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Ridgefield Permian v. Diamondback is another case arising out of the same tax foreclosure suit that was addressed in Mitchell v. MAP Resources, decided earlier this year by the Texas Supreme Court. My discussion of Mitchell can be found here. Both Ridgefield and Mitchell were initially decided by the El Paso Court of Appeals. While Mitchell’s appeal to the Supreme Court was pending the El Paso Court handed down its opinion in Ridgefield, 2021 WL 1783260 (May 5, 2021). In Ridgefield, the El Paso Court held that the taxing authorities’ lien attached only to the royalty interest reserved in the lease; once the lease terminated, the purchaser of the royalty interest foreclosed upon owned no interest in the mineral estate. This week, the Texas Supreme Court declined to hear Ridgefield’s appeal of the El Paso Court’s judgment.

Alberta Griffith owned a 1/7th interest in the surface and minerals in a section of land in Reeves County. When she died her interest passed to her two sons, Albert and David, subject to a life estate interest in her surviving husband. In 1975, the husband and sons signed an oil and gas lease to Billings, reserving a 1/8th royalty. A well, the Meriwether No. 1, was completed on the lease.

In 1998, there was a small tax debt owed by Mr. Griffith and Albert on their royalty in the Meriwether lease. That year the taxing districts filed suit to foreclose tax liens against several hundred defendants, including Mr. Griffith and Albert. In the suit their interests were each described as a .005952 decimal interest in the Meriwether lease (each owning a royalty of 1/3 of 1/7 of 1/8 royalty). Judgment was entered foreclosing the lien, the interests were sold at Sheriff’s sale, and the interests came to be owned by Magnolia, LLC.

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Last year KUT produced a podcast, “The Disconnect,” chronicling the February 2021 Texas freeze and blackout. KUT has now produced Part 2: “The Disconnect: Power, Politics and the Texas Blackout,” explaining what has happened since–what has been fixed, the cost in electric bills, and the aftermath–hosted by KUT reporter Mose Buchele. An excellent look at what the legislature, regulators, gas producers and generators have and have not done to prevent future system failures.

Yesterday the Texas Railroad Commission approved new regulations requiring well, gas plant and pipeline operators to winterize their facilities. Critics are skeptical they will do the job.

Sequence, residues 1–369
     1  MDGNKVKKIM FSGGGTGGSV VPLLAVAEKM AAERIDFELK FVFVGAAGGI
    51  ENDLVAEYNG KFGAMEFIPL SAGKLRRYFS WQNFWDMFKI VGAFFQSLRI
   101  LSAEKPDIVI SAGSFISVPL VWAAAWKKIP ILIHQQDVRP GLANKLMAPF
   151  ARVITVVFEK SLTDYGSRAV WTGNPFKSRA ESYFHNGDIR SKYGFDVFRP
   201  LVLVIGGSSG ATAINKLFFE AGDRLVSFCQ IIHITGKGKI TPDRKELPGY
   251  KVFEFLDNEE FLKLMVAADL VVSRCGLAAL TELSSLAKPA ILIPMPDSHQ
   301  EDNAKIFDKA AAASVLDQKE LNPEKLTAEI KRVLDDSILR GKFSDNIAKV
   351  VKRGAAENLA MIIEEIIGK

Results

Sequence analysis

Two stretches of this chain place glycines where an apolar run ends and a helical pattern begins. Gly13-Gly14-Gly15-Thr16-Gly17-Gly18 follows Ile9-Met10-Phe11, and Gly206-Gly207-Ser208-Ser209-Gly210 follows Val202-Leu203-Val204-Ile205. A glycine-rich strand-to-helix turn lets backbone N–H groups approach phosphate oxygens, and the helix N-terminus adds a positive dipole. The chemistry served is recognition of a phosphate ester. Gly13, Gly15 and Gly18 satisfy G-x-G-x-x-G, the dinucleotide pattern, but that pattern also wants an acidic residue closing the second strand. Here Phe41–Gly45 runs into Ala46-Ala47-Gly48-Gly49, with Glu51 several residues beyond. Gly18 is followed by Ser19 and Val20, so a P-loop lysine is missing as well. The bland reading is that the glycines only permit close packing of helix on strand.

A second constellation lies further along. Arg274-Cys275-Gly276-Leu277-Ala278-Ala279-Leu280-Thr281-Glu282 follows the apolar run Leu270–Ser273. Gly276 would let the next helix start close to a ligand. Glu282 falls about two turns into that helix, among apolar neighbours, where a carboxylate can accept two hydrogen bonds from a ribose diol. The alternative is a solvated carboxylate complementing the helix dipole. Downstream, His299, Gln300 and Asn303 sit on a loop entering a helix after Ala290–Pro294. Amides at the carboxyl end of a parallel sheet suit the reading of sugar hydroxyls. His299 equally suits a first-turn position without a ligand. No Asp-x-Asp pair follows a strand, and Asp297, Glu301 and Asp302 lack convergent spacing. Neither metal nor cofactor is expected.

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Sometimes lawyers really do have the best responses.  The following is just one example.

Rebuilding New Orleans after Katrina often caused residents to be challenged to prove home titles back hundreds of years. That is because of community history stretching back over two centuries during which houses were passed along through generations of family, sometimes making it quite difficult to establish a paper trail of ownership.

A New Orleans lawyer sought a FHA rebuilding loan for a client. He was told the loan would be granted upon submission of satisfactory proof of ownership of the parcel of property as it was being offered as collateral. It took the lawyer 3 months, but he was able to prove title to the property dating back to 1803. After sending the information to the FHA, he received the following reply.

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Dr. Scott Tinker will host a 12-episode TV series on energy and climate, on Austin’s PBS station, KLRU, beginning September 4 at 6 pm and streaming on PBS.org. More information can be found here.

From the press release:

Energy and climate are intertwined, two of the most important topics in the world today. Yet very little is known about them. This show aims to change that. ENERGY SWITCH brings together two renowned experts from government, NGOs, academia and industry, with differing perspectives on important energy and climate topics, such as: Could solar and wind power our future? Or could hydrogen be the dominant energy source? Should we have more or less nuclear power? How should we respond to climate change? What policies most effectively reduce emissions? How could we pay for them?

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The King Ranch Institute for Ranch Management at Texas A&M University – Kingsville has published a webinar and a white paper on how ranchers should consider whether to enter into agreements to change their ranch practices to increase CO2 in their soil, generating carbon credits. Links to the webinar and white paper can be found here.